The Flight:

The captain let us know that the time in the air would be a little less than 3 hours, but due to inclement weather in New York and the Northeast, air traffic control had to keep rerouting our route, so it took a while before the boarding door closed. We eventually left the gate 30 minutes after our scheduled departure time and took off 50 minutes after our scheduled departure. We ended up landing in Fort Lauderdale 35 minutes late and got to the gate 10 minutes later.

In terms of lavatories, there is 1 lavatory in the front of the cabin and 2 in the rear. Since the flight was relatively short, I didn’t use any of them during my flight.

Cabin Service:

After reaching cruising altitude, the cart for purchase came down the aisle first. There were the EatUp snack boxes for $9-$10. There was a Protein box, Mediterranean Inspired box, Cheese & Cracker Snack Plate, and a Party Up Candy box. Additionally, a pillow and snooze kit was for sale for $7, a snooze kit by itself for $2, earbuds for $6, and a blanket for $10.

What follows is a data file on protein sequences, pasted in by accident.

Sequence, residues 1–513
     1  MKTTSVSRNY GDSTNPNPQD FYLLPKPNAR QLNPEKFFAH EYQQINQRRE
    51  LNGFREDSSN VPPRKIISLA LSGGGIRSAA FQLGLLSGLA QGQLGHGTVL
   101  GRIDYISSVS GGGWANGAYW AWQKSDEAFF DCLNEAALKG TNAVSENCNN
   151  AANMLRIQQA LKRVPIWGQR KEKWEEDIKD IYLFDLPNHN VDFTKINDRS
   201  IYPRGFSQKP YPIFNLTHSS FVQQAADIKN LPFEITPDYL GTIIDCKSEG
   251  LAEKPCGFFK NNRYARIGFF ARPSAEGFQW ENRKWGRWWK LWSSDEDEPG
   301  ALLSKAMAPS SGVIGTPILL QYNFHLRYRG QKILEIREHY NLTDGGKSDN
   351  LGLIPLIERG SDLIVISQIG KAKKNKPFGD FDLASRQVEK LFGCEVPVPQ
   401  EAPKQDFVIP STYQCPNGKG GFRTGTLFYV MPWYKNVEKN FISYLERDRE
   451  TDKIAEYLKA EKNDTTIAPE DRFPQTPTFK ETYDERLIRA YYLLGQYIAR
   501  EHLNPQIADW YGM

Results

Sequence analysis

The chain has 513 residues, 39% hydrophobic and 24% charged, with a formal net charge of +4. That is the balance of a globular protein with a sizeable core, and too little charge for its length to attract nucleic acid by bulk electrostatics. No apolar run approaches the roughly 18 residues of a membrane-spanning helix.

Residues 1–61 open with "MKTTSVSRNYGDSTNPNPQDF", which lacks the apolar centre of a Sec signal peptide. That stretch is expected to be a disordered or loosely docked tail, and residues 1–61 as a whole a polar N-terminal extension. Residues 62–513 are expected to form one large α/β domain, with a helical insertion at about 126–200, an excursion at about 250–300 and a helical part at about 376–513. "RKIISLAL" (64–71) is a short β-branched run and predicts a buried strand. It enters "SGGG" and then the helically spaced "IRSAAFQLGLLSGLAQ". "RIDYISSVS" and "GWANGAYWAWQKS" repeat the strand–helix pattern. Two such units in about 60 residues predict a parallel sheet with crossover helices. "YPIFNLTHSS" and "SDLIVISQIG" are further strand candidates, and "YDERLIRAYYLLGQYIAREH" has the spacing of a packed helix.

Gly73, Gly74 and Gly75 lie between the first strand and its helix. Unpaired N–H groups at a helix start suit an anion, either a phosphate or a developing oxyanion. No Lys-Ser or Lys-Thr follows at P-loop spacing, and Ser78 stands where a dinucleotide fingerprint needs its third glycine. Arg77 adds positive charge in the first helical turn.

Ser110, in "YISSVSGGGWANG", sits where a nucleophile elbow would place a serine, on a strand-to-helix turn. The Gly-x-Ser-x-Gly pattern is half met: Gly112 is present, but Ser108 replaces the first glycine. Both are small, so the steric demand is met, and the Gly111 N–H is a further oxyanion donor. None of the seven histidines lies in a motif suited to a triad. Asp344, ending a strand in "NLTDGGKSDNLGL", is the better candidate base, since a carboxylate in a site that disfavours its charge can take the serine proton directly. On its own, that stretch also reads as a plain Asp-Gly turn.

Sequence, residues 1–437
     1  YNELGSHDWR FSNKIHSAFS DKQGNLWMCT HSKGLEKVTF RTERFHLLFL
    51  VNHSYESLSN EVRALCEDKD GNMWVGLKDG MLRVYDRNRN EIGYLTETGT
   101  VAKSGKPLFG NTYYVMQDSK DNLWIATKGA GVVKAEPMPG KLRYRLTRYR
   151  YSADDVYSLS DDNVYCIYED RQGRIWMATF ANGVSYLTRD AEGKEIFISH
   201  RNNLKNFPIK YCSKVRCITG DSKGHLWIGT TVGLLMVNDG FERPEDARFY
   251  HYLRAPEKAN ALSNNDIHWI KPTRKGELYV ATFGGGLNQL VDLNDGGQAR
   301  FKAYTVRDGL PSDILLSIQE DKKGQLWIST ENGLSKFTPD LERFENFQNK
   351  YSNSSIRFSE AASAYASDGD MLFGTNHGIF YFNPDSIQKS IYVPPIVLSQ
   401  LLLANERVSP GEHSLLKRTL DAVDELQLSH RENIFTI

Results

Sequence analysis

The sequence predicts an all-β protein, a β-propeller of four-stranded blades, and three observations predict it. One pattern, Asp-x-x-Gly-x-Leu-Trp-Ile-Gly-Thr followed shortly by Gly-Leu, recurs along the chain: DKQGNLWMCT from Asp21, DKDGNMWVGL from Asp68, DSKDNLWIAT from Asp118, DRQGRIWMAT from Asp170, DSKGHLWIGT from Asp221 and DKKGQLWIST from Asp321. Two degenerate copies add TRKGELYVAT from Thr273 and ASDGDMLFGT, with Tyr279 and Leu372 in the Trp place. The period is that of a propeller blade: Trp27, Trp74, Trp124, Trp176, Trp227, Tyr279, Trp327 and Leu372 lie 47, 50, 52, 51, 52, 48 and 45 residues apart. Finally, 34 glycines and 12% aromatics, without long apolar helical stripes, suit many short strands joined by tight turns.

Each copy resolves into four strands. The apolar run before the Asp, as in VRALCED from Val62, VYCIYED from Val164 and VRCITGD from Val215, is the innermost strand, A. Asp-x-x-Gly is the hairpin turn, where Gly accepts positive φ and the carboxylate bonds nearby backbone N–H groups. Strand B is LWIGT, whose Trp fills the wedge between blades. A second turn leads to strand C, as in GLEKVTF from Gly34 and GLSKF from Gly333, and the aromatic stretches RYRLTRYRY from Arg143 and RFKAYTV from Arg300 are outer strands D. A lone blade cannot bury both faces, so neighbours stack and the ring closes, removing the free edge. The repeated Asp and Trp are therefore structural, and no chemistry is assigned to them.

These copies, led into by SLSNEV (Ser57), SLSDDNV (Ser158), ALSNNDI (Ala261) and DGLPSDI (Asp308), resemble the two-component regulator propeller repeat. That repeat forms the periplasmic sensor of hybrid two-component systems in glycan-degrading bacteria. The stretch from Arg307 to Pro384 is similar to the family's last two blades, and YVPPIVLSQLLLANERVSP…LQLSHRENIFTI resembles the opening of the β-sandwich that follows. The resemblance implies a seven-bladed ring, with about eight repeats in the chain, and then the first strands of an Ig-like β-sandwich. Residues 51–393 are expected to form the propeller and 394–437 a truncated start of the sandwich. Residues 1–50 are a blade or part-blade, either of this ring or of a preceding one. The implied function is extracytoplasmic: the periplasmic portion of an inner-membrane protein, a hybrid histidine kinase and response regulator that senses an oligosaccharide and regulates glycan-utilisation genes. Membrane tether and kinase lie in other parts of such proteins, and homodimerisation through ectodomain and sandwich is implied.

a screen with a blue and white image

Items for Purchase

Beer was $9, Liquor was $10, and Wine for $11.

After the items for purchase cart completed its trek across the cabin. The beverage and snack services commenced. Interestingly, they first do the beverage service, then the snack service separately after. Pepsi products were complimentary, and snack choices included Chifles Plantain Chips, Popchips Sea Salt, Quaker Chocolate Chip Granola Bar, and Vegan Butter Pretzel Braids.

Interestingly, Seagrams Ginger Ale was offered, which is a Coke product. I had this plus Pop Chips & Plantain Chips. I appreciated that the whole can of soda was provided.

a group of chips and a drink on a table

JetBlue Snacks

The Verdict

Overall, I had an enjoyable experience in the JetBlue Economy Cabin. The solid legroom, newly refreshed cabin, good snack selection, and solid IFE system made for a good flight. I believe JetBlue has one of the best domestic economy products around.


Have you flown on the JetBlue Economy Cabin aboard the A320 (Restyled)? How was your experience?

Cheers,

Ty


Have any questions? Comment below or email me at takeofftotravel@gmail.com. I’ve also started working with a travel agency, Fora Travel, and can assist in booking hotel stays or planning trips. You can also view all my other posts here! Thanks for stopping by!